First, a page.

FEBRUARY 2021 Magazine | Page 21

Another New York radio-related experience: one day my Dad and I went to a bakery near the El (elevated train). The radio inside the bakery happened to be playing an episode of “Grand Central Station” that my folks had written. The plot was gruesome: a young woman had been strangled with wire inside the chicken coop on a farm. I was afraid to listen. But Dad, whose temperament was gentle and kind – how did he ever write those plots for the radio shows? – told me to listen to the show because “it’s helping to pay our bills.”

In the 1950s, Dad continued his affiliation with NBC. He was hired as a continuity writer at the 50,000-watt station WLW-NBC, in Cincinnati. On-staff for over ten years, he was there in the early 1950s when an unknown writer named Rod Serling (later famous for Twilight Zone) joined the staff. Rod and Dad became good friends, and coauthored a murder mystery, “A Walk in the Night,” that aired on “The Philip Morris TV Playhouse” in 1954, the only time Serling had a coauthor of a TV script.

Another WLW writer, Alan Stern from New York City, and Dad coauthored a mystery that aired on the Colgate TV Theatre in the 1950s.

In 1966, Dad wrote an episode of TV’s “Gunsmoke” that aired – on NBC.

My Dad, an Iowa farmboy, was a brilliant writer. He left college (Cornell College in Mt. Vernon, Iowa) a semester before graduation and moved to New York, because he had won first prize in a national contest sponsored by the New York Times, for an original sci-fi play. It was produced in theaters up and down the East Coast.

I delight in regaling friends with tales of early radio, and of Dad’s years at NBC in Cincinnati. One time I was visiting the station, to see a dramatic show being produced. What was unusual about it: an announcer was crawling around on the floor, having deliberately set fire to the other announcer’s script – WHILE HE WAS ON THE AIR! The purpose: to see how the second announcer would react to this unexpected practical joke.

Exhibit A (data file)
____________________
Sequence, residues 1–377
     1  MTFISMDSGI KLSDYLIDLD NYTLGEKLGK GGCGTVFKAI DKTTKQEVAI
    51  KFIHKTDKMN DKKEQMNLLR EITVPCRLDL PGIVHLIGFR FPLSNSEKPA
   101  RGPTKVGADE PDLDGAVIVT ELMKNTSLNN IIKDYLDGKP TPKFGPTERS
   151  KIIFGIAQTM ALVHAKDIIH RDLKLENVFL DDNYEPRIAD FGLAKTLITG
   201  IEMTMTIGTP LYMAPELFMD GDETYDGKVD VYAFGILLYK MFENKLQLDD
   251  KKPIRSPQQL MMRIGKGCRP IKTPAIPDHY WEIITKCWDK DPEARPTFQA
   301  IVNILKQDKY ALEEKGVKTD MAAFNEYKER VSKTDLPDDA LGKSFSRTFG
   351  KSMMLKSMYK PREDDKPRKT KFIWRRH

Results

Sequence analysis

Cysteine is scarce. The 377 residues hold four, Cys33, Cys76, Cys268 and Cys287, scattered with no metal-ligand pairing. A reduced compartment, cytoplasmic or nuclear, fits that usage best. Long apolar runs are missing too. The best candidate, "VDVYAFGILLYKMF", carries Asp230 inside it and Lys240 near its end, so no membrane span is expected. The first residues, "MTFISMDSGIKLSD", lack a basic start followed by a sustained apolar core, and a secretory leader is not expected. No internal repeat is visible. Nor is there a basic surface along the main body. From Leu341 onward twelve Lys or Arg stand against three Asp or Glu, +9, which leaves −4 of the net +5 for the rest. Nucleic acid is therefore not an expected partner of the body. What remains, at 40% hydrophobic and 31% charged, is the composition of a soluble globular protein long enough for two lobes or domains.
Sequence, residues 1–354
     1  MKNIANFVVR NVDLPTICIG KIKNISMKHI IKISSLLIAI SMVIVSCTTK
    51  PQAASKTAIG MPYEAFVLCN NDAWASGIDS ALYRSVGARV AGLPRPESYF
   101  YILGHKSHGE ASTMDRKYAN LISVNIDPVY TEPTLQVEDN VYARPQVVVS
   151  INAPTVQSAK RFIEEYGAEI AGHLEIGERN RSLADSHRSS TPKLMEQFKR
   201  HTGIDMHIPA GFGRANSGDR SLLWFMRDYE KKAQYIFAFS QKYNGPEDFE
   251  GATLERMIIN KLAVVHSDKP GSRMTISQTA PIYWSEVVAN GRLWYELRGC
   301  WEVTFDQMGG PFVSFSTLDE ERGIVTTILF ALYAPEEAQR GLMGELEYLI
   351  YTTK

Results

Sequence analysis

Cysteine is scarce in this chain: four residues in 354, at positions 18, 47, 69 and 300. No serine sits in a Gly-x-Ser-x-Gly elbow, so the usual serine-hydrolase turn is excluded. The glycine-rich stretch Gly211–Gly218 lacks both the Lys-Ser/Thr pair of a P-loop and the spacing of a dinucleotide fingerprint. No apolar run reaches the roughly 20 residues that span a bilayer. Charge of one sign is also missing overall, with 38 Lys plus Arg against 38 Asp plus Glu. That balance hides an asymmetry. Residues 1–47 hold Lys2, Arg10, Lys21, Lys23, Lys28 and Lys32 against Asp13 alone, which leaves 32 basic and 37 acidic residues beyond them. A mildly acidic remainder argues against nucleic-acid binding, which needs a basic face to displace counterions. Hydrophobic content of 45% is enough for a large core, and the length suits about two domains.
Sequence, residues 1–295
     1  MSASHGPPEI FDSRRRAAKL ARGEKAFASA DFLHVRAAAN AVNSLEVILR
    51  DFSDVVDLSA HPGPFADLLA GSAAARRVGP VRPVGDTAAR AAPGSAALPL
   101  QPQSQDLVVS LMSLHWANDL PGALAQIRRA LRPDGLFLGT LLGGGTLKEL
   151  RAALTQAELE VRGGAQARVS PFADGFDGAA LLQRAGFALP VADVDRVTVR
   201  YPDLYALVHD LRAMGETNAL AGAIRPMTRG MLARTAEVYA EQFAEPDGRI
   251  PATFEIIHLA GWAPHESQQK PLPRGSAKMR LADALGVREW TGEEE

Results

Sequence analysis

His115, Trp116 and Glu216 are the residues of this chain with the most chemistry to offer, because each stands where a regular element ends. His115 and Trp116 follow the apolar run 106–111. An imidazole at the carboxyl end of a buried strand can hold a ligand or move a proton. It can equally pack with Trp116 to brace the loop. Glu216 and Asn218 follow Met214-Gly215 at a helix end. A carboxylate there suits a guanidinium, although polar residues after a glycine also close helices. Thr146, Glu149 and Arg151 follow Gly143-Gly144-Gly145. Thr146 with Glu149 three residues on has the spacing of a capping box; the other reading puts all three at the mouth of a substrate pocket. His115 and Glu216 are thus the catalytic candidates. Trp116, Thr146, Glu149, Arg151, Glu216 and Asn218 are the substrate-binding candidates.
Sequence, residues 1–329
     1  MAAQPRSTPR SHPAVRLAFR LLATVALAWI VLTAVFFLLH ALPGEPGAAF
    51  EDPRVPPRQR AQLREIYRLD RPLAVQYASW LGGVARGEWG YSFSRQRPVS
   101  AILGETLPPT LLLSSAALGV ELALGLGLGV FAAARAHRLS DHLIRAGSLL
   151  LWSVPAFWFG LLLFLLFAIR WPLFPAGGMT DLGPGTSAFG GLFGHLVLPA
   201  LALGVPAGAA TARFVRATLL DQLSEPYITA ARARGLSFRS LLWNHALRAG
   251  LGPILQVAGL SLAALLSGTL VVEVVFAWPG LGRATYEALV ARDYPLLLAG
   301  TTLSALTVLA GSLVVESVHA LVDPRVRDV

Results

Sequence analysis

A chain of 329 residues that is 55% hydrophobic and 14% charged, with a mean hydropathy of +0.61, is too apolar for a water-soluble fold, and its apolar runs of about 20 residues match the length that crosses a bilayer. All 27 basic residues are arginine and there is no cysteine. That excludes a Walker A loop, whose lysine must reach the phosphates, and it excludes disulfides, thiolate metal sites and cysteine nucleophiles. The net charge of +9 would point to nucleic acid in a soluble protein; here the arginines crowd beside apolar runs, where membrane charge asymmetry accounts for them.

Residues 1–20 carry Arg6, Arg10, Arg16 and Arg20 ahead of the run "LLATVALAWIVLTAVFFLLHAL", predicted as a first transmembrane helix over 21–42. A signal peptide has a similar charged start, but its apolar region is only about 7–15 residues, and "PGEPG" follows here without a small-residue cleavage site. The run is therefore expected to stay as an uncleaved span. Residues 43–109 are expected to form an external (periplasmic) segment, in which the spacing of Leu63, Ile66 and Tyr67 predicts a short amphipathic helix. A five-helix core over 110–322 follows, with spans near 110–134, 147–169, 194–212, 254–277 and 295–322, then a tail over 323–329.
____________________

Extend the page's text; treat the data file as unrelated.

Another time at NBC in Cincinnati, I was waiting in the lobby for Dad to come downstairs so we could go home together. Suddenly a handsome man in a resplendent cowboy suit came up the steps and walked through the lobby – leading a huge, striking horse! They got on the freight elevator and went upstairs to the second floor, to be interviewed on the popular “Ruth Lyons Show.” My Dad was producing that show. Yes…the cowboy and the horse were Roy Rogers and Trigger! Roy Rogers’ real name was Leonard Slye, and he was a native Cincinnatian, with a statue of him downtown.

Hope you’ve enjoyed these reminiscences. Thanks for listening!

Linda Jay is known for being a Lightning-Fast Copyeditor/Copywriter. In 2015, she founded the Petaluma Radio Players, a vintage radio troupe of 30+ actors, musicians, Foley sound effects people, and computer and lighting professionals in Petaluma, California. The troupe  was active until 2018, when funding became scarce. We hope to return to production one day. Please see: www.petalumaradioplayers.com She can be reached at  [email protected] or check out her website: www.wordsbylj.com